For two PSAC members working as teaching and research assistants at University of New Brunswick, the recent gathering of PowerShift Atlantic was a source of new passion for environmental activism.
PowerShift is a youth-led organizing effort to build a movement in Canada for climate and environmental justice. The conference held in Halifax at the end of March was the second of six planned regional gatherings, with the first being held in Victoria, B.C. on October 2013 and the last slated to be held on October 2015. It is a project of the Canadian Youth Climate Coalition. The Social Justice Fund has provided support to Powershift since 2013, and helped to facilitate the participation of PSAC members in the 2014 PowerShift Atlantic.
Jeff Clements, a student in the field of climate science, and Amir Abouhamzeh, who’s studying aromatics engineering with a research background in environmental studies, came away from the four-day conference with some inspiration and new knowledge about the issues surrounding climate justice.
“As a climate scientist, I know first-hand the dangers and consequences of climate change, and I feel that we scientists have an obligation to speak out about it,” Clements says. “I wanted to attend PowerShift to learn some novel ways of speaking out that are out of my comfort zone and to learn what others are doing to act on the issue of climate change.”
For Abouhamzeh, meeting other delegates aroused his interest the most. “The most interesting for me was meeting a lot of enthusiastic young people who think outside the box and look beyond their daily problems and fight for climate justice. Their dedication was very amazing and inspiring.”
PowerShift Atlantic comes at an opportune time, especially as resistance mounts against the Northern Gateway pipeline project, fracking, the tar sands as well as hosts of other environmental campaigns. It also claims to build on movements such as Occupy, Idle No More and the Quebec students’ strike and is ripe for building a Canadian climate and environmental justice movement.The Atlantic conference, which was held on unceded K'jipuktuk, Mi'kmaqi territory, had a roster of keynote speakers dominated by indigenous women. This allowed for the introduction of the issue of environmental racism, a topic rarely discussed in climate justice discourse.“PowerShift opened my eyes to some pretty disturbing trends,” says Clements. “The most disturbing would have to be environmental racism and the outward discrimination against Canada’s indigenous people by energy corporations. Discussion surrounding the exploitation of indigenous territory and the people residing in Ontario’s Chemical Valley was a disheartening, enraging, and emotionally provoking example of how these monopolizing corporations are targeting indigenous land to build their facilities.”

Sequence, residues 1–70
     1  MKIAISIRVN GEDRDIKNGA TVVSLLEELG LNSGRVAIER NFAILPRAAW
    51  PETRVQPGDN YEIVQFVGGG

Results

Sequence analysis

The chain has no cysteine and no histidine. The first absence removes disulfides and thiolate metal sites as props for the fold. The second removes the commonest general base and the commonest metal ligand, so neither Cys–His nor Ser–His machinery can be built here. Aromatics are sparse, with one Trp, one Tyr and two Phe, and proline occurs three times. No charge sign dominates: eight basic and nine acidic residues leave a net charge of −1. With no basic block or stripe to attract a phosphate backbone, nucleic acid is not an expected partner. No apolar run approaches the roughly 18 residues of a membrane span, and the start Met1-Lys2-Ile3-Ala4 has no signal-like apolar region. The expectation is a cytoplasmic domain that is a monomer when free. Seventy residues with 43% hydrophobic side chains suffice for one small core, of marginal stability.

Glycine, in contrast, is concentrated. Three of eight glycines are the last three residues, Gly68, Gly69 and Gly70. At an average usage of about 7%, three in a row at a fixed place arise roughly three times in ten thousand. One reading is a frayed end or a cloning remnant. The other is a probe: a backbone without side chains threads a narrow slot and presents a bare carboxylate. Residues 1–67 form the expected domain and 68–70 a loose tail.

Clements and Abouhamzeh’s participation in PowerShift was funded in part by PSAC’s Social Justice Fund, and Abouhamzeh feels unions should continue to be active in environmental and climate justice issues.
“I think since unions are more of representative of society than corporations,” says Abouhamzeh. “They should include environmental issues in their demands when collectively bargaining with corporations. It’s something that people around the world are affected by and unions, like PSAC, are in the frontline of achieving climate justice.”